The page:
Jackie Henry:  I can relate. As a kid, I went to the San Diego Auto Show every single year, and I absolutely loved it. And for some reason, I gravitated towards vans too. There’s just something about them.

Kelsey Soule:  When I was a kid in Indiana, I went to the tractor shows, and sat on all the tractors. It’s close. But I really did want a tractor for a long time.

Tyler Litchenberger:  Of course, you do. They’re amazing.

Kelsey Soule:  I will say, so at the New York Auto Show, I actually ran into somebody who brought their service dog to test out different SUVs to see like, I mean, what was a good fit for the dog.

Tyler Litchenberger:  That’s so awesome.

Jackie Henry:  And I thought that was really cool.

Tyler Litchenberger:  Like the dog gets to pick.

Jackie Henry:  Well, I mean, kind of, yeah. But like I mean, I think you should obviously bring … if you’re interested in buying a car, bring your kids, you know, bring-

Tyler Litchenberger:  Yeah, the people that are going to be in it with you.

Jackie Henry:  I don’t know if everybody can bring their dog, but I thought that was really cool.

Tyler McBride:  No. On the note of bringing a service dog, the Toyota space that we … the Toyota booth or auto show space and Lexus space, we try to make it accessible to all that all can test out the cars and experience them.

Tyler Litchenberger:  [00:24:00] Enough space to get through.

Tyler McBride:  And we do. We work really hard to make it accessible for all shapes and sizes, situations. We do work along those lines. I mean, there are some limitations that, of course, we run into, but, you know, the Toyota brand is for everyone, and we try to make … we try to bring that experience to life when you’re at the auto show.

Tyler Litchenberger:  As a mobility company, it’s the only right thing to do. What would you say is your favorite auto show memory either as a kid or now working to produce an auto show?

Jackie Henry:  It’s so hard to choose because there’s been so many different events that I’ve been to and just stuff that we’ve seen. I mean, we see crazy stuff all the time. I mean-

Tyler Litchenberger:  What’s the craziest?

Jackie Henry:  Oh, man. I mean, there’s stuff that’s actually almost normal, like people changing their babies in the back of cars. That’s normal.

Tyler McBride:  We had two proposals just this last season.

Jackie Henry:  Oh, yeah. Proposals happen.

Kelsey Soule:  Wait, what?

Jackie Henry:  In the Toyota space, you guys had two of them, right?

Tyler McBride:  That’s right.

Kelsey Soule:  Did they work? Did they work there or were they just-

Jackie Henry:  She said yes.

Tyler McBride:  They did not work. They just felt like the [00:25:00] Toyota space was the right space to ask-

Tyler Litchenberger:  Can you paint a picture?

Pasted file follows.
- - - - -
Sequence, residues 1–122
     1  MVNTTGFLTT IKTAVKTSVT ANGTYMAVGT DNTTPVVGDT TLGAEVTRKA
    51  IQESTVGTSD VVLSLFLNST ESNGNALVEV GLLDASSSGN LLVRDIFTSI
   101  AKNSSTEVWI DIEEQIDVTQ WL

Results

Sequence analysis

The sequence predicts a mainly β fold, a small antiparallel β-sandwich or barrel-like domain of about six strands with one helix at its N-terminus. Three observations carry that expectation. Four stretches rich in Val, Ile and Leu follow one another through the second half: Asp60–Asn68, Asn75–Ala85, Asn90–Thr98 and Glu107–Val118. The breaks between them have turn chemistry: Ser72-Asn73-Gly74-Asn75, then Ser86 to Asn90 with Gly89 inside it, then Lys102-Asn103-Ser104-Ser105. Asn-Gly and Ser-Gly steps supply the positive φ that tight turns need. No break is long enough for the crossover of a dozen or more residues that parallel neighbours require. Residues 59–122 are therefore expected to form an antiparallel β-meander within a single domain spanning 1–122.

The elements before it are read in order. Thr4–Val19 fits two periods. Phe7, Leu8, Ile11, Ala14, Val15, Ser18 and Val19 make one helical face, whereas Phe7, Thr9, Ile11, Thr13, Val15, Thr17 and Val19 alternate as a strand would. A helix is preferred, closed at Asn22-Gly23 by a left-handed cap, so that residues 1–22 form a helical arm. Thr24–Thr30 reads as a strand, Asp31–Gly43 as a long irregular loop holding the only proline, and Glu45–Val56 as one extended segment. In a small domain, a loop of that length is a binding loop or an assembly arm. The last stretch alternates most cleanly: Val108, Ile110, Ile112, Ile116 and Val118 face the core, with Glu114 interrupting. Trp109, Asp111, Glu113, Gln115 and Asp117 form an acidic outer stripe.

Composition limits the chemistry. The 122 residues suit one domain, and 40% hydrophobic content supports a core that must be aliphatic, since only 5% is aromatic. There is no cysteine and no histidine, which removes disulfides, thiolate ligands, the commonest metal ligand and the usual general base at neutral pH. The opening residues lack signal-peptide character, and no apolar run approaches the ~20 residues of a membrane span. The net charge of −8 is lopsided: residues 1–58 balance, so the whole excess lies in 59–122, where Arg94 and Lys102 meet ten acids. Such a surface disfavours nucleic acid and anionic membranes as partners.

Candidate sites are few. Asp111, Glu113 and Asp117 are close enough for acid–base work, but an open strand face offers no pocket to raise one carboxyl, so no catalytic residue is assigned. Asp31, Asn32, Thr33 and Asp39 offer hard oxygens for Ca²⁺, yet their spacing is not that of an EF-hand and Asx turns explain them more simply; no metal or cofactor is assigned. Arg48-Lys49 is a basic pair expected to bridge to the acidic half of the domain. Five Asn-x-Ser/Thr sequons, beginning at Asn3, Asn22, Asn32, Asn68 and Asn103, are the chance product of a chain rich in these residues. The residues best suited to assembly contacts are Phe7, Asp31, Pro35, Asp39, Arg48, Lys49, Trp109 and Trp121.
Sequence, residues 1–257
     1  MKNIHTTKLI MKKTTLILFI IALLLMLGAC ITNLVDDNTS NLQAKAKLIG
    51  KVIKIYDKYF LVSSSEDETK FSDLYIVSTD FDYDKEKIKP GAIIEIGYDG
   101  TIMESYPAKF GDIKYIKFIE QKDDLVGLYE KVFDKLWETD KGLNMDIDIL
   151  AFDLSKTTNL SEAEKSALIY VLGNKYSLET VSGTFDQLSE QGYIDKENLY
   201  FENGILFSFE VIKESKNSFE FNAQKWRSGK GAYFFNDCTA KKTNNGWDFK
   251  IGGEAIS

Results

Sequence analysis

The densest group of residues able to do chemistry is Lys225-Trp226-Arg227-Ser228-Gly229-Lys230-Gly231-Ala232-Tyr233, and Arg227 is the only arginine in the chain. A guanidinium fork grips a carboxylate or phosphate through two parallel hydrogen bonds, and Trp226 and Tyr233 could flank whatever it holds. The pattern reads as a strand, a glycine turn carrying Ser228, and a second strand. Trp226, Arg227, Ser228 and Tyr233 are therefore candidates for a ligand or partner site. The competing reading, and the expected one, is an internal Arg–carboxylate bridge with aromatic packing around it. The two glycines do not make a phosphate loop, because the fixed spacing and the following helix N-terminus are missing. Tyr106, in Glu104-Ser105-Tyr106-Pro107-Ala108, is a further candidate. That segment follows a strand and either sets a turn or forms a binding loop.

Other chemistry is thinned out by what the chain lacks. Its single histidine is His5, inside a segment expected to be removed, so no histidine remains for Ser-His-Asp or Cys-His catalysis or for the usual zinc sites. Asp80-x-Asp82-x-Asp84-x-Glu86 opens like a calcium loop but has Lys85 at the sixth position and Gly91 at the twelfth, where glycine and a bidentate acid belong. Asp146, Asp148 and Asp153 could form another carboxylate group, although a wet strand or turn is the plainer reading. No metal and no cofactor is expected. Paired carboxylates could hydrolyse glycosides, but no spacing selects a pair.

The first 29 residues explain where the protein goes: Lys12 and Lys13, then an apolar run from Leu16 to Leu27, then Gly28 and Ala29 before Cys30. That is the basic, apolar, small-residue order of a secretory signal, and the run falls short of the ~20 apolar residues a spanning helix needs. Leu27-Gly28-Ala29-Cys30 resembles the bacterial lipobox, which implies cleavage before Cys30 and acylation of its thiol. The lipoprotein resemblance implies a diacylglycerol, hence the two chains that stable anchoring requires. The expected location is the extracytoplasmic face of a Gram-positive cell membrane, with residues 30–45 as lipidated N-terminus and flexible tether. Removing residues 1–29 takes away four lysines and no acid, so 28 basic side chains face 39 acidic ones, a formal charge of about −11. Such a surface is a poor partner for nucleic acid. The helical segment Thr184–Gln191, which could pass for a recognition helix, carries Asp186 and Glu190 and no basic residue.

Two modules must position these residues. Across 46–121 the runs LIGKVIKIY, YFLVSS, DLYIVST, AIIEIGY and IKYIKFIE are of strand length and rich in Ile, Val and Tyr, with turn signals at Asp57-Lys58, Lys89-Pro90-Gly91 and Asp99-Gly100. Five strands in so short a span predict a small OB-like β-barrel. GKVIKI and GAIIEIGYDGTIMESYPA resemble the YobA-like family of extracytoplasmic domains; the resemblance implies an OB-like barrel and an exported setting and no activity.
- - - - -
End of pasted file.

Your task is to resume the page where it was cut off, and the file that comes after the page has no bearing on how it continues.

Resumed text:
Tyler McBride:  … one of the biggest questions you could ask, if not biggest question.

Jackie Henry:  Recreate that romantic moment-

Tyler Litchenberger:  Oh, my God.

Jackie Henry:  … in the Toyota live space, please.

Tyler Litchenberger:  What part of this? I need to know more about this, Tyler.

Jackie Henry:  It’s the truck space.

Tyler McBride:  So, I’m trying to remember the exact. I know we-

Tyler Litchenberger:  Next to the-

Tyler McBride:  I know we had it in Chicago. So, we did have one proposal in Chicago. And I can’t remember if it was in front of the wrapped Chicago Cubs RAV4 or the wrapped Chicago White Sox RAV4.

Tyler Litchenberger:  I’m going to go with Cubs.

Tyler McBride:  So, you, Chicago listeners, whatever team you like, it’s going to be that team that they proposed in. In Jackie’s point, she did say yes.

Tyler Litchenberger:  All right.

Tyler McBride:  Yeah.

Kelsey Soule:  Well, I’m just curious just like to know, you know, did they have a really big tie to the vehicle they were next to or like if they asked in advance or told us in advance like they’re like … Why?

Tyler McBride:  Yes. A part of it seems surprising but you know, Jackie mentioned that she went to the San Diego Auto Show every year. For some people going to the auto show as an experience, there are quite a few people that are not in market, [00:26:00] but are still there to see what’s out there, right? And we have quite a few Toyota fans that come by. So, on that side, I guess it’s not that surprising because we know we have Toyota loyalists that stopped through the space. And if they’ve gone to that auto show as a couple for the last five years, then it seems like a good spot to pop the big question.

Kelsey Soule:  There you go, find love at an auto show.

Jackie Henry:  We’ve heard that there were some proposals at Lexus too.

Tyler Litchenberger:  Of course, there were.

Jackie Henry:  And people come back.

Kelsey Soule:  I’m going to start going to auto shows differently.

Jackie Henry:  Yeah.

Tyler Litchenberger:  You can get proposed to, and maybe you can find love too.

Jackie Henry:  There you go.

Tyler McBride:  Sometimes, some of our product specialists, these shows are long, they have to get to know each other-

Tyler Litchenberger:  Yeah. Uh-oh.

Tyler McBride:  And at season’s end-

Tyler Litchenberger:  Wait, this is a reality show idea.

Kelsey Soule:  Yeah.

Jackie Henry:  No.

Tyler McBride:  … the question has been popped within our own team.

Jackie Henry:  Oh, yeah.

Tyler Litchenberger:  Really?

Tyler McBride:  Yeah.

Jackie Henry:  Yeah. They find love.

Tyler Litchenberger:  Oh, love is on horizon.

Kelsey Soule:  So, okay. So, when it comes to … obviously, the immense amount of work that you guys do to make these auto shows happen, I think I said [00:27:00] earlier, like I’m really wondering how all of this gets into one space in and out and so quickly, right? So, what is it like to bring 15-20 cars into a convention center? Like how does that work?